First vs Second Focal Plane Optics, By Michael Baccellieri

Article By Michael Baccellieri, Leupold Product Applications Training Coordinator

All Photos Credit: Talus Creative

A lot of folks in this industry ask which is better, first or second focal plane. But the truth is it’s simply a matter of finding the right tool for the right job. Neither one is better than the other. They both have pros and cons based on the application of the system. Understanding the difference between the two and their benefits can make all the difference when purchasing an optic. Many shooters look at first focal plane as strictly a tactical optic, while second focal plane is only for hunting. What we will discuss in this article is the application of the components in an optic. This is defined by the understanding of what “components” or feature sets will best suit the needs of the shooter. So let’s begin by breaking down the differences between the focal planes themselves.

What Are Focal Planes?

There are two distinct locations or “planes” in an optic where all the lights and colors that move through the optical system converge down to a single finite point, thereby creating a real image for the shooter’s eye to see and their brain to compute what they are looking at. These two points are called focal planes. Every variable power optic has both a first and a second focal plane. Either one of these locations can be the housing area for a reticle. This is why we refer to a scope as a first or second focal plane optic. We are specifically referring to the location of the reticle within the scope.

Inside the erector tube of the scope, there are two erector cells. These lenses move forward and back as the shooter rotates the power selector ring, causing the image to grow and shrink. The erector cells will magnify and de-magnify anything that is in front of them. This is how the magnification in the scope works. If the reticle is housed in the first focal plane location, then the reticle will change magnification in perfect relation to the image as it is located in front of the erector cells. If the reticle is housed in the second focal plane location, then the reticle will remain a single size while the image changes throughout the magnification range. This is very important to understand if the reticle has angular unit of measure subtensions added to it (Mils or MOA).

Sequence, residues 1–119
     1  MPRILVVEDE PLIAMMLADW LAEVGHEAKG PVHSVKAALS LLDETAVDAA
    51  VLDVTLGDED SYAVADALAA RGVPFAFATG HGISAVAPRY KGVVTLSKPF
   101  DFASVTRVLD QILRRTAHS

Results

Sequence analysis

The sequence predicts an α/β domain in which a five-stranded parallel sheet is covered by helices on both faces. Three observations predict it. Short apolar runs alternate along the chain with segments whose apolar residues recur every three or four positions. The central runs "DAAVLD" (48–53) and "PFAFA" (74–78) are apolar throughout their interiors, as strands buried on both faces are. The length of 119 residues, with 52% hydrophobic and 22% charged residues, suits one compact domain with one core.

In a first focal plane scope, the Mil/MOA lines will be accurate and true throughout the entire magnification range. In a second focal plane scope, the subtensions will only be accurate on a specific magnification, typically the maximum magnification. As an example, if you are using a second focal plane scope with a magnification of 5x-25x with a Mil-based reticle, then on 25x each Mil is truly a Mil. But if you dropped the magnification down to 15x — exactly half the magnification range — then each Mil will now equal two Mils due to the fact that you have shrunk the image to half the size in relation to the reticle.

What’s Better for My Needs?

This really comes down to the application. The primary application that necessitates first focal plane optics is a style of shooting called “hold-off”. This is where the shooter will simply hold high for elevation and hold left or right to compensate for wind. If the shooter needs to be able to maintain a lower magnification for a larger field of view and still use the Mil/MOA reticle to hold-off shoot, a first focal plane scope would be the best choice. Most hunters, military, and law enforcement shooters move, hunt or fight with the optic on the lowest power setting. This is specifically to have the largest field of view and exit pupil available to them for rapid deployment of their firearm. If a hunter is stalking in tight, thick brush, chances are the shot will be taken from a relatively close distance. In the U.S. in 2016, the average law enforcement sniper shot was taken at fifty-seven yards. In both cases, it would be safe to say that the shooter would primarily live in a lower magnification setting. In these two examples, if the shooters were using a first focal plane scope, they would not have a bold, usable reticle available to them as the reticle would shrink down with the magnification. So for tight country hunting and for most of the law enforcement sniper community, a second focal plane would be an optimum choice.

If, however, the hunter is in wide open country, or the sniper is military as opposed to law enforcement, then hold-off shooting will be a big part, if not the primary method of engagement. Whether it is dialing for elevation and holding for wind, or holding for both windage and elevation, the first focal plane scope becomes a much more usable tool.

When looking to purchase a new optic for a firearm, consider the application and choose accordingly. Do not let the masses convince you that one is “better” than the other. It is simply a matter of the proper application of components.

Posted by Adam Janke